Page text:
Thursday, May 1, 2014

Children's Review: The Hero's Guide to Saving Your Kingdom

Linking up with Fairy Tale Fortnight, currently going on at The Book Rat


You've never heard of them, have you? These are the princes who saved Sleeping Beauty, Cinderella, Snow White and Rapunzel, but you probably know them all as 'Prince Charming'. Well, all that is about to change as the hapless princes stumble upon an evil plot and get a second chance to prove themselves true heroes.

The Hero's Guide to Saving Your Kingdom
Healy, Christopher (2012). [Genre: Adventure]
Source: Local library

The Hero's Guide to Saving Your Kingdom chronicles the adventures of Prince Liam, Prince Frederic, Prince Duncan and Prince Gustav - four Princes you've never heard of, because of course they're always called simply 'Prince Charming' in the stories. After all falling out with their loved ones over the way they've been portrayed in fairy tales, the four princes run into each other and an evil plot - which could just be their second chance to prove themselves. 

 The Hero's Guide was a charming read. It's a children's chapter book, so all of the characters are a bit out there (but in the best way). Duncan has his head in the clouds, Frederic is a sheltered scaredy cat, Gustav is an unstoppable force of nature and Liam is a hero, but suffers from naivety and arrogance. All of the secondary characters are just as unique and there are some great ones in there. My personal favourite was Liam's feisty little sister Lila. It was also fun to see the Princess characters as less-than-perfect - Sleeping Beauty is a brat and Cinderella is a wannabe adventurer without much knowledge or skill.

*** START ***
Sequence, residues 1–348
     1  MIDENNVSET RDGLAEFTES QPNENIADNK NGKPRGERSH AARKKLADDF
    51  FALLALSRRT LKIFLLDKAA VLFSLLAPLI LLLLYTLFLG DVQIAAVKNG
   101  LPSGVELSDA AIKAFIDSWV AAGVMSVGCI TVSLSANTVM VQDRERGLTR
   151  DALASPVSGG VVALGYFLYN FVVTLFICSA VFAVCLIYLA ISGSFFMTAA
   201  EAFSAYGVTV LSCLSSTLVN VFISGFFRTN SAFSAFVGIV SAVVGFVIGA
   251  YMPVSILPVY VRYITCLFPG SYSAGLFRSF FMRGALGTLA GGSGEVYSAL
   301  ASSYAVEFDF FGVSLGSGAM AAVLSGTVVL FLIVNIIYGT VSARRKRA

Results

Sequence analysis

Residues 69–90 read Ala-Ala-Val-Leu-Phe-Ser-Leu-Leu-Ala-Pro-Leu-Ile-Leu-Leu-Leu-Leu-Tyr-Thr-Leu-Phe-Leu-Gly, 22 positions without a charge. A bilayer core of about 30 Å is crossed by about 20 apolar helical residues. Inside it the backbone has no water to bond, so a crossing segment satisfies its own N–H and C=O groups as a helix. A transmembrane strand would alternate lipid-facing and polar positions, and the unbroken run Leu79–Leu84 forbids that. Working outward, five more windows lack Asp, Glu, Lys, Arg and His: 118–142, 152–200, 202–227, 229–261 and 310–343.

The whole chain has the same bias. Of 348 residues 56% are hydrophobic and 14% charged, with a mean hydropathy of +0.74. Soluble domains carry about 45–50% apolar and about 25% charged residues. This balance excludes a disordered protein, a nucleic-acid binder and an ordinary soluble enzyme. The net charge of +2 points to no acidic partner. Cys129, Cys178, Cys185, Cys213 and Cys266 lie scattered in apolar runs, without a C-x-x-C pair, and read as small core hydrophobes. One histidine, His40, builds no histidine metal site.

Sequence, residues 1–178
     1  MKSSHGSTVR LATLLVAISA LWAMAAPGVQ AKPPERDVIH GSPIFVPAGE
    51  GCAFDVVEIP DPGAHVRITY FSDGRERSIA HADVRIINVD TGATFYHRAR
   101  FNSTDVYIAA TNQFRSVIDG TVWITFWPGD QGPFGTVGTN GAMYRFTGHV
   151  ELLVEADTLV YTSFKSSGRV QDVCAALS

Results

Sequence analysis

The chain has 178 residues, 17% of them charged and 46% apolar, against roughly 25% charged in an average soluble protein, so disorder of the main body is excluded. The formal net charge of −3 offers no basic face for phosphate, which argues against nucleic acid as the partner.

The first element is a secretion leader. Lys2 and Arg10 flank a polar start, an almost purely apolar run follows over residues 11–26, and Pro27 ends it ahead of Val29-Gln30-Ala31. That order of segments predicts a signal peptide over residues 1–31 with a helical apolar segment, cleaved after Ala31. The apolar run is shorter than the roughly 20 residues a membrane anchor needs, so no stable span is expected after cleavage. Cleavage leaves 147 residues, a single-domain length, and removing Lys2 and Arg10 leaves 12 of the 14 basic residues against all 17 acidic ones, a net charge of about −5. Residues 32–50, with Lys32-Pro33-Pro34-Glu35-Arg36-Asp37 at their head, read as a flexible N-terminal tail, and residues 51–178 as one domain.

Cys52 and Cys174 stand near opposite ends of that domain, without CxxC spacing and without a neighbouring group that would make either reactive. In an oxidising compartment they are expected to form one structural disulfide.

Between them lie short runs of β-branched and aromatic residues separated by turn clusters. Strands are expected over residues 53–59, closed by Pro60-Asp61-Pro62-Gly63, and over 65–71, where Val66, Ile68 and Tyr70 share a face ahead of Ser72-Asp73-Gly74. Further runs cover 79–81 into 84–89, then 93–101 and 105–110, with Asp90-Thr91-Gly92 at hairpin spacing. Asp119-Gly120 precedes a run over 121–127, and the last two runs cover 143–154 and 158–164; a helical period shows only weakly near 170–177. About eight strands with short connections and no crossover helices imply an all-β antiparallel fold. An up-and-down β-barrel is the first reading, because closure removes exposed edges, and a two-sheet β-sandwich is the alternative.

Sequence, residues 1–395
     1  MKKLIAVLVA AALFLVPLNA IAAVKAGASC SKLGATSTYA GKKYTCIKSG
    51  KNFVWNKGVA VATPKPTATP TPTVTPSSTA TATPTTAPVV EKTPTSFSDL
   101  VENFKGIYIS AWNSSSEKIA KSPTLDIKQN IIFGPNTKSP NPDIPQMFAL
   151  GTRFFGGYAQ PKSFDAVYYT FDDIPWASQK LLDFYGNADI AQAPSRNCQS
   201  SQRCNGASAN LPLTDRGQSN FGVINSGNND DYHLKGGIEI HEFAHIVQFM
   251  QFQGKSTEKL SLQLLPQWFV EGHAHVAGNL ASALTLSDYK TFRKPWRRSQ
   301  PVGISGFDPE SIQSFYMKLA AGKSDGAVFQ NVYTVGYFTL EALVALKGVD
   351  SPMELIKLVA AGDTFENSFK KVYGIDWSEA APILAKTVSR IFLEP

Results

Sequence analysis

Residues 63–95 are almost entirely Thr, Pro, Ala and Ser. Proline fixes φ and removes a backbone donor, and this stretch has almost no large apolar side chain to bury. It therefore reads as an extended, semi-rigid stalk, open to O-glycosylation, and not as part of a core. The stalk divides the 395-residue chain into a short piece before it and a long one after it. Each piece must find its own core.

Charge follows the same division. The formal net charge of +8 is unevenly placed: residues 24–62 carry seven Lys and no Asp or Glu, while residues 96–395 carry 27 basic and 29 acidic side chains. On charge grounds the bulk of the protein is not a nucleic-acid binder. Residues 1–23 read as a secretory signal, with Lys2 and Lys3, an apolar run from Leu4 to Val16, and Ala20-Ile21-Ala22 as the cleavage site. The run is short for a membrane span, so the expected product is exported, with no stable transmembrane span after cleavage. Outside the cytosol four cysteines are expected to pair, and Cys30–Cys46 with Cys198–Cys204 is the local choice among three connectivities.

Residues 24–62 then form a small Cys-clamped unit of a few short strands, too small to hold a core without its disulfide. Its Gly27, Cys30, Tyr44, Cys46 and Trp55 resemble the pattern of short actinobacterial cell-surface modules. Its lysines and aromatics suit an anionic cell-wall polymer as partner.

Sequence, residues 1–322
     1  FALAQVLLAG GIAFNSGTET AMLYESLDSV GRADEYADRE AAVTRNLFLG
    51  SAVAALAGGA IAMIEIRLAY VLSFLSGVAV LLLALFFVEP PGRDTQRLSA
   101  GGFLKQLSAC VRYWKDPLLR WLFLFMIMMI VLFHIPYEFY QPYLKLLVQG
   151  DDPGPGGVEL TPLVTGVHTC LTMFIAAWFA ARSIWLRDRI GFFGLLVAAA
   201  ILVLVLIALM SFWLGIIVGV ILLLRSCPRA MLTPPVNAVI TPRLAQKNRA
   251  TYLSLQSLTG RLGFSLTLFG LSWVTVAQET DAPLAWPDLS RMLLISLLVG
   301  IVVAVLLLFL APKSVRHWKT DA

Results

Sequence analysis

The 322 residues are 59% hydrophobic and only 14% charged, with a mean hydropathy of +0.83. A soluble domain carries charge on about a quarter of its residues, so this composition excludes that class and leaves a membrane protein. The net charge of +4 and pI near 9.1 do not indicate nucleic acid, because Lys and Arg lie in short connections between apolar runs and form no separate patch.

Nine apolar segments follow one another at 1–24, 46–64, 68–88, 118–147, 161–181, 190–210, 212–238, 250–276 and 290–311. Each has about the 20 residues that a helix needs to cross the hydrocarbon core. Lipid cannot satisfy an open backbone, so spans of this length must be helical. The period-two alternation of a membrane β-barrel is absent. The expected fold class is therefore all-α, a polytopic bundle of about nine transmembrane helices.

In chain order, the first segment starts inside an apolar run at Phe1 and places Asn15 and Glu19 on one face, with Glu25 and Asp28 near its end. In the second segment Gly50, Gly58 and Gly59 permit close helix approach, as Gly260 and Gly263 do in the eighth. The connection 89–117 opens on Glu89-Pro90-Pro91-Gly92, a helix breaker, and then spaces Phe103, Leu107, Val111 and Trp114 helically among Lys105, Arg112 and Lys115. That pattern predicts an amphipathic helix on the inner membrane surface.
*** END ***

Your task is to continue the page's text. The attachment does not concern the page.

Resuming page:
Although the characters, combined with the witty and punny writing, make The Hero's Guide worth it, it's the illustrations that really make this tale. The absolutely gorgeous pencil illustrations throughout are always perfectly placed to add to the story and give the unique characters a face. I'm really sad that they obviously changed the illustrator for the cover of the UK edition - the internal illustrations are so much nicer and portray the characters so much better. Not sure why they didn't just stick with the US cover image. 

The one drawback of The Hero's Guide was the story and plotting. Like far to many books for the age group, it fell into the oh-and-then-this-happened trope where there is a series of incidents rather than an actual coherent story. But I'd overlook this quibble and track down The Hero's Guide quickly if you haven't read it already.

Overall? Although the lack of plotting dragged it down, give it to your children, sisters, brothers, parents and grandparents. They'll all find something to love.

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